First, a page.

Jennifer Gerber’s feature debut is about a Southern preacher who has an affair with a troubled young man passing through town.
With an attention-grabbing hook and two riveting central performances, Jennifer Gerber’s feature directorial debut The Revival holds you in its grip even when it stumbles. Adapted from a 2010 play by Samuel Brett Williams, this striking, if erratic, drama about a Southern Baptist preacher succumbing to a very forbidden desire is hardly a game-changing or groundbreaking entry in the nebulous, gradually expanding genre that is queer cinema. But it is a worthwhile one, showcasing a pair of deeply gifted leading men and a promising new talent behind the camera. The Revival is also notable for its unblinking look at the excruciating inner tug-of-war between one man’s homosexuality and his religious devotion; the movie isn’t subtle or always persuasive, but it goes there, boldly and with integrity.
Films like Antonia Bird’s Priest (about a gay priest in Liverpool) and Sandi Simcha DuBowski’s moving doc Trembling Before G-d (about gay Orthodox Jews) have tackled similar subject matter — though the The Revival‘s setting amid small-town, working-class evangelicals feels particularly timely given the reinvigorated cultural war pitting Trump’s rural conservative base against urban “elites.” It’s a milieu the director knows well, having been raised by devout Christians in Hot Springs, Ark., where the play is set and the movie was shot. Gerber’s familiarity likely accounts for the confident, unshowy sense of place that’s one of the film’s key strengths.
There are shades of French master Claude Chabrol both in the broad outlines of The Revival — in its close study of a man’s guilt and a community’s rottenness beneath a squeaky-clean surface — and in Gerber’s approach: the brisk narrative rhythm, the slyly humorous juxtapositions (gay love scenes punctuated by glimpses of Eli driving home while listening to fiery sermons on the radio), Lucas Carey’s mischievous, mercurial score.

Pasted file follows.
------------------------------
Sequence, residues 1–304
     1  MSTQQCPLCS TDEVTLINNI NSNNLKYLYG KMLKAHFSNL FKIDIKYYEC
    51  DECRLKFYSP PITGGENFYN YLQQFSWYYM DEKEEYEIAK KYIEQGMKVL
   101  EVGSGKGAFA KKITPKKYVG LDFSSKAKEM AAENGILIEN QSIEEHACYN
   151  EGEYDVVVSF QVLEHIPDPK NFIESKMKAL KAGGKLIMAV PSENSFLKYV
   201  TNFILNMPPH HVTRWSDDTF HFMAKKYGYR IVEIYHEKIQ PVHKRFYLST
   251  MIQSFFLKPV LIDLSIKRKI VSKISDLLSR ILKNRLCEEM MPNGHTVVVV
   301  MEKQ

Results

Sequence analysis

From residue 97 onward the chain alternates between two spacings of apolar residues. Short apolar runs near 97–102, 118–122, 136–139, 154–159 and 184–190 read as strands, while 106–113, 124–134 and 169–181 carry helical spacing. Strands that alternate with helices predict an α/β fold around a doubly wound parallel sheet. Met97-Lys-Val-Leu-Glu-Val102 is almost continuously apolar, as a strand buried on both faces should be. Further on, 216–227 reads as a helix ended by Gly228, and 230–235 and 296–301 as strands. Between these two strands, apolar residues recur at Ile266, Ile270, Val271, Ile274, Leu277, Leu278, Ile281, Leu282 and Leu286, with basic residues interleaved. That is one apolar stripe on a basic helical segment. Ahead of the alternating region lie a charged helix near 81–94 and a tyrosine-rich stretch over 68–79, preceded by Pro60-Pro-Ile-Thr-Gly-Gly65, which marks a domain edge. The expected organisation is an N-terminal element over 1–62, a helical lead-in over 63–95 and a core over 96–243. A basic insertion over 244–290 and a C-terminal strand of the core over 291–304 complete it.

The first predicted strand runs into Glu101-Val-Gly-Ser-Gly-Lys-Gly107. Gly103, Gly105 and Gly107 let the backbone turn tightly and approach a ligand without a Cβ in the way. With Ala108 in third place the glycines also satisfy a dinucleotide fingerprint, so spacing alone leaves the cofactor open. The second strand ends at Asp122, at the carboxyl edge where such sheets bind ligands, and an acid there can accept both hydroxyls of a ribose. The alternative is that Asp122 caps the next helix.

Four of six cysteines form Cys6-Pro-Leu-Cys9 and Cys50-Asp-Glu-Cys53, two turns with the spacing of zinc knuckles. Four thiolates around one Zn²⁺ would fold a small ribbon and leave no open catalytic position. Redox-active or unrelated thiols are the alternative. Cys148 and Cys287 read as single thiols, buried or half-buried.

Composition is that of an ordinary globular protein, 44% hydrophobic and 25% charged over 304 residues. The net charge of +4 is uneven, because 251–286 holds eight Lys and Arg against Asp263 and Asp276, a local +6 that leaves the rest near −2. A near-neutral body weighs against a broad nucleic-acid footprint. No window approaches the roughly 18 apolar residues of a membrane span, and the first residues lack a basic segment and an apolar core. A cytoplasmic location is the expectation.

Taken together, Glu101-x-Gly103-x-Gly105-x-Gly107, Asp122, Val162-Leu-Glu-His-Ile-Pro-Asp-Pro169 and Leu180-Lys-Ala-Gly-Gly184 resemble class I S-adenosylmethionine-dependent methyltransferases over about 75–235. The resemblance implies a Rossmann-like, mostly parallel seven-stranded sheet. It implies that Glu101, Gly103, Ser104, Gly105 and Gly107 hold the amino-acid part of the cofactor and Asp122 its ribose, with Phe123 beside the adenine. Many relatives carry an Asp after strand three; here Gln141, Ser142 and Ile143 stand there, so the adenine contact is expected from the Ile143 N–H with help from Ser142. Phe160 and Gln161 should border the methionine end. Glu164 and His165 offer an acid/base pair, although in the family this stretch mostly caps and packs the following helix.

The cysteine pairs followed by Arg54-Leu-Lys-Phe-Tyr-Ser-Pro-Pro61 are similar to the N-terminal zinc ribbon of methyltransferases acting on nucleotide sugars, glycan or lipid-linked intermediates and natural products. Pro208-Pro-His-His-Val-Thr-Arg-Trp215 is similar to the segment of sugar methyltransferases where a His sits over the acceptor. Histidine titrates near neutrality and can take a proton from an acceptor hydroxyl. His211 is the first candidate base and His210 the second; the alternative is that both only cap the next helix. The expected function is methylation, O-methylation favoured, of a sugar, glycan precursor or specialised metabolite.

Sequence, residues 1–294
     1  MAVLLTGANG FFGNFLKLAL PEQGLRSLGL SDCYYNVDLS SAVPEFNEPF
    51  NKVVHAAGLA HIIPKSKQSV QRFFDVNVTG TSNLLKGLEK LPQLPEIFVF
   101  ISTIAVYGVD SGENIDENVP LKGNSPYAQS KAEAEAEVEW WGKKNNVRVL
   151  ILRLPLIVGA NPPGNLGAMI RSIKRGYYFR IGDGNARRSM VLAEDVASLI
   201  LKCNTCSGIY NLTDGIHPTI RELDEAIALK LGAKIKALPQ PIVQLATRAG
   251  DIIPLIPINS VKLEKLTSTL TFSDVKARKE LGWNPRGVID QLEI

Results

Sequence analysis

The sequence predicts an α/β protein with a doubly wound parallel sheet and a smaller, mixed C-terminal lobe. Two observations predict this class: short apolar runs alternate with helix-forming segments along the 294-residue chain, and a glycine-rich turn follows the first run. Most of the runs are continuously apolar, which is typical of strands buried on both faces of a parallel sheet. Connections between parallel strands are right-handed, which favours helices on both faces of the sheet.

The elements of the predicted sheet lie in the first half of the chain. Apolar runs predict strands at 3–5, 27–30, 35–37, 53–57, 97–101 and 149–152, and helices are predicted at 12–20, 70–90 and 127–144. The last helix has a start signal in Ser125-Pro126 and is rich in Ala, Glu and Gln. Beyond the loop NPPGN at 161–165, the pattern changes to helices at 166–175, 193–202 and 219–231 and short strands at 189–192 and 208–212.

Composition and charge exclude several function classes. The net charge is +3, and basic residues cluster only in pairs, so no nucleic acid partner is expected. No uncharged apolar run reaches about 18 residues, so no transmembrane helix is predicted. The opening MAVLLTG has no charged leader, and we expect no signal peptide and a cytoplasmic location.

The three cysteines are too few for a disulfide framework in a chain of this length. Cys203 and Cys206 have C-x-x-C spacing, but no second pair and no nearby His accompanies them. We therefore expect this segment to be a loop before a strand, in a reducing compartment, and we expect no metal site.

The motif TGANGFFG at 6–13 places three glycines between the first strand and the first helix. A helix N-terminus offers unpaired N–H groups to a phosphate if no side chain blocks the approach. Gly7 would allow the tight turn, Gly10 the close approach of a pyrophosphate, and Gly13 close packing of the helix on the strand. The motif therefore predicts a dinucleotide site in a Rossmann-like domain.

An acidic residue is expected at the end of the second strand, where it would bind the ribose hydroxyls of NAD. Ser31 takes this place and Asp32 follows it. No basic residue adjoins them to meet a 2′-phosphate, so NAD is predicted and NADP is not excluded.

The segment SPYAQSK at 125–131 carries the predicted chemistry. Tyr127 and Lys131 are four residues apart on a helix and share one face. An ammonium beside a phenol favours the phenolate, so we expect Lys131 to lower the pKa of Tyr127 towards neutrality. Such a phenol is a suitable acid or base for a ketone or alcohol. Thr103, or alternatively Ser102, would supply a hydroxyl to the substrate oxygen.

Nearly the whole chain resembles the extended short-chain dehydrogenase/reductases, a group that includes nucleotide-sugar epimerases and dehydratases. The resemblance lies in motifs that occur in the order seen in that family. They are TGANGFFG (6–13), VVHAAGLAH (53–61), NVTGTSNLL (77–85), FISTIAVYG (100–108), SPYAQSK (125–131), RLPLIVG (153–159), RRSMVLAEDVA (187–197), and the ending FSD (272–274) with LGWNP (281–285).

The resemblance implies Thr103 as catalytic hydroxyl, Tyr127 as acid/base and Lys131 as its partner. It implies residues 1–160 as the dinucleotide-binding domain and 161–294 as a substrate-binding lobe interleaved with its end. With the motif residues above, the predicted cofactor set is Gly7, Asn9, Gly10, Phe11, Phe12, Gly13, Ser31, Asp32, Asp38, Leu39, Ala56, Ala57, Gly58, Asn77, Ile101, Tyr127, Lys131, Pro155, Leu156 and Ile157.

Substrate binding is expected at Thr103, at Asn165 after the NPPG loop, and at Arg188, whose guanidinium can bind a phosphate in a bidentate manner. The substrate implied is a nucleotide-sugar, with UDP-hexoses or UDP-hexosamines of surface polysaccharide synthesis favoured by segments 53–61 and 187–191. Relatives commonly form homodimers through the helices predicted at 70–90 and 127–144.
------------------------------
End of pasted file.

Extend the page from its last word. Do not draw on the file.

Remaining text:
The Revival‘s portrayal of the vitriol reserved for gay people in conservative Christian communities is nothing if not unsparing. But given our ostentatiously pious vice president and his disturbing record on LGBT issues, there’s something urgent, even cathartic, about the film’s bluntness. And Gerber manages to add nuance through certain directorial choices, like her use of recordings by the Sacred Harp Singers of Cork. The stirring flights of church-choir harmony lighten the movie’s mood, suggesting that while there’s potential for violence and hatred in religion, there’s beauty, too.
Production companies: Natural State Films, Raptor Films
Director: Jennifer Gerber
Screenwriter: Samuel Brett Williams (based on his play)
Cast: David Rysdahl, Zachary Booth, Lucy Faust, Raymond McAnally, Stephen Ellis
Producer: Sophie Finkelstein
Co-producer/sales: Stephen Stanley
Executive producers: Cathleen Ihasz, Nicole Ihasz
Cinematography: John Wakayama Carey
Production design: Eimi Imanishi
Music: Lucas Carey